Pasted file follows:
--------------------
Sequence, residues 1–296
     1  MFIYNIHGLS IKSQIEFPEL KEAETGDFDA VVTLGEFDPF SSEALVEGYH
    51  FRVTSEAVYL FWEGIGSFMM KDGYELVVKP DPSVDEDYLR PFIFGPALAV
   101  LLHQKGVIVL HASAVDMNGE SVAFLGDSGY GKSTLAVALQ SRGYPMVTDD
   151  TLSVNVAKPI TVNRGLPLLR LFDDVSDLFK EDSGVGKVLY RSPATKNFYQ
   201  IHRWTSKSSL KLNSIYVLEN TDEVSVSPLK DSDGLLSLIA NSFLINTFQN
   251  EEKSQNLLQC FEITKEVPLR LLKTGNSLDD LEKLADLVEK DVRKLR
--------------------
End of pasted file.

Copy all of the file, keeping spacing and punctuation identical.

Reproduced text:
Sequence, residues 1–296
     1  MFIYNIHGLS IKSQIEFPEL KEAETGDFDA VVTLGEFDPF SSEALVEGYH
    51  FRVTSEAVYL FWEGIGSFMM KDGYELVVKP DPSVDEDYLR PFIFGPALAV
   101  LLHQKGVIVL HASAVDMNGE SVAFLGDSGY GKSTLAVALQ SRGYPMVTDD
   151  TLSVNVAKPI TVNRGLPLLR LFDDVSDLFK EDSGVGKVLY RSPATKNFYQ
   201  IHRWTSKSSL KLNSIYVLEN TDEVSVSPLK DSDGLLSLIA NSFLINTFQN
   251  EEKSQNLLQC FEITKEVPLR LLKTGNSLDD LEKLADLVEK DVRKLR